A sad, but true testimony to my wing shooting ability, we didn’t have quail under glass, a brace of quail would be an appetizer. The table was not graced with quail very often. It was time for celebration if I got enough little birds ‘about 90 grams each’ about ‘3.97 ounces’ for my wife and 3 daughters to enjoy a taste.

Those ruins must have been witness to a colorful history in that wild western desert. I always took a ‘time machine’ rest break, sitting in a shady spot near one of the cooler, stonewalls. After checking for scorpions and black widow spiders, I would sit, close my eyes and conjure up memories of what must have taken place there.

In studying that low doorway, I concluded, if Matt Dillon ever followed a gunslinger down here from Dodge City Kansas, he had to bend down low to enter the house and bring the bad guy out. There was no doubt many shootouts there. The total amount of hot lead that got ricocheted off those rock walls through the years would have made an anchor for a large ship. I wish there was a list of Sheriffs, U.S. Marshals and Texas Rangers who rode in there. You can bet some never caught the gang off guard so didn’t ride out, not sitting upright, maybe tied in the saddle.

It didn’t take much  imagination to decide it must have been a hideout for numerous murderers, bank robbers, horse thieves, cattle rustlers and other unsavory lawbreakers. The location was perfect, if the word came down that a posse was approaching from the North all they had to do was hop on their horses, a short ride later they were safe in Mexico, until the Federales chased them back north.

It would have been a perfect hideout for desperados trying to escape the law and the hang man’s noose. It would have been a destination discussed in all the saloons and honkytonks in places like Dodge City Kansas or Fort Worth Texas or other areas where bad guys did dastardly deeds then headed South as fast as they could go, a perfect location to rest and recuperate from gunshot wounds.

Land seeking settlers probably built the house, and corrals. It took all the labor a whole family could muster to survive there. It was nearly impossible to grow enough to stay alive on.  The stone corrals keep a pig or two, possibly, captured Javalina, from roaming off into the dessert. Chickens could fend for themselves until a hawk came to visit. Water was a constant issue. Pigs fed on cactus and wild gourds. Goats would never stay behind a low rock wall, but they needed to roam free to find enough food to survive on. Goat was the main meat on the menu no doubt, unless you got lucky enough to shoot a rabbit, then you had meat for a couple of days.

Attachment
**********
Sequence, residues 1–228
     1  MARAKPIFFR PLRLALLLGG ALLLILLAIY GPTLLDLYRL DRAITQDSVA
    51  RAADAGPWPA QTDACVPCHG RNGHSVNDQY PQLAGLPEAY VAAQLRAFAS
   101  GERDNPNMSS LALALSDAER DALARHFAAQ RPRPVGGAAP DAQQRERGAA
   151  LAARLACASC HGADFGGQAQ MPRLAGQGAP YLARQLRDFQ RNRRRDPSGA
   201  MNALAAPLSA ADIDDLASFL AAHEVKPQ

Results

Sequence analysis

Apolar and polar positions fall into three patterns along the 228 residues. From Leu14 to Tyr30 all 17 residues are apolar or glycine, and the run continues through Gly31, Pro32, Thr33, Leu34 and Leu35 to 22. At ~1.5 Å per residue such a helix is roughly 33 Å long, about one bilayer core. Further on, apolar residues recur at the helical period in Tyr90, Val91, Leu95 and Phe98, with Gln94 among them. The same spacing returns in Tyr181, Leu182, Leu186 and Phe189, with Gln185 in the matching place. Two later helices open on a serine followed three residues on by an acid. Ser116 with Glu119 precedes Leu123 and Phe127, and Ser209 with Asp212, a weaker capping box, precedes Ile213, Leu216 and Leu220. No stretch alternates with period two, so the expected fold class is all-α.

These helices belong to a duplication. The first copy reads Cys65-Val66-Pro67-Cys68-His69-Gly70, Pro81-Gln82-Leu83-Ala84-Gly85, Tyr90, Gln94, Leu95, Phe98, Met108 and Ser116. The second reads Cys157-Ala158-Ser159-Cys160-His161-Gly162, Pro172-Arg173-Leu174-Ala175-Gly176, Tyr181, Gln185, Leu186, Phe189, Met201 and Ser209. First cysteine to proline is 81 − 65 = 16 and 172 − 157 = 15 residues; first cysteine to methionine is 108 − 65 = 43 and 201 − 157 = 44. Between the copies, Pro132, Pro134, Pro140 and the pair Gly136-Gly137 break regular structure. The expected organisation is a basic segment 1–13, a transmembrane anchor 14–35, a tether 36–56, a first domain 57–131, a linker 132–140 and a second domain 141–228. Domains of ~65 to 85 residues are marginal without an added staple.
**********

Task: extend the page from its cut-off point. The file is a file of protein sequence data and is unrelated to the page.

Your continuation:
The first early settlers had to have many hair-raising meetings with the Apache people over trespass rights. It is likely the desperadoes found many houses vacated.

Several arroyos or creeks converged on that property making it the most likely place to find underground water in the area. After closer examination I discovered the remnants of a shallow hand-dug well, it was one of the few places in that region where water was available during the hot dry months.  Walking along a Creek bed searching for quail early one morning I saw the largest rabbit my eyes have ever tried to focus on. I figured my mind was playing tricks on me. The broiling hot, rising sun, glaring on the dew in the creek bottom must be creating a mirage. That rabbit seemed to be several feet tall with ears as big as a donkey. He just stood there looking straight at me from about ten yards. I didn’t have my dog then, a good thing, she probably would have chased that critter all day long. That night just before going to sleep another vision of the bunny appeared. He was similar to Harvey the rabbit that was on the television program. I then decided about seriously considering the amount of alcohol I consume.

This is a rabbit.

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December 1, 2019

This is what I saw when I looked out my front window this morning.

This is what I saw when I looked in the mirror this morning. YIKES!

I became 79 years old today. Miracles still happen in this world. There is still a chance, someday I will grow up.

I want to thank all the faithful followers at “My Mixed Blog,” also my Facebook friends. Thank you Don and Rosie Bowers for the funny E card, also thanks to Patty and Craig for bringing me a combination meal from Guadalajara last evening. It took me back to the good old days at the Tucumcari Truck Terminal in New Mexico. They had the best combination plate on our route. Thanks also to Phil who is going to bring me his famous enchiladas this evening.  This old geezer has had a good birthday and is thankful for family and friends. You have all helped me make it through another year. I love all of you.

http://www.lelandolson.com/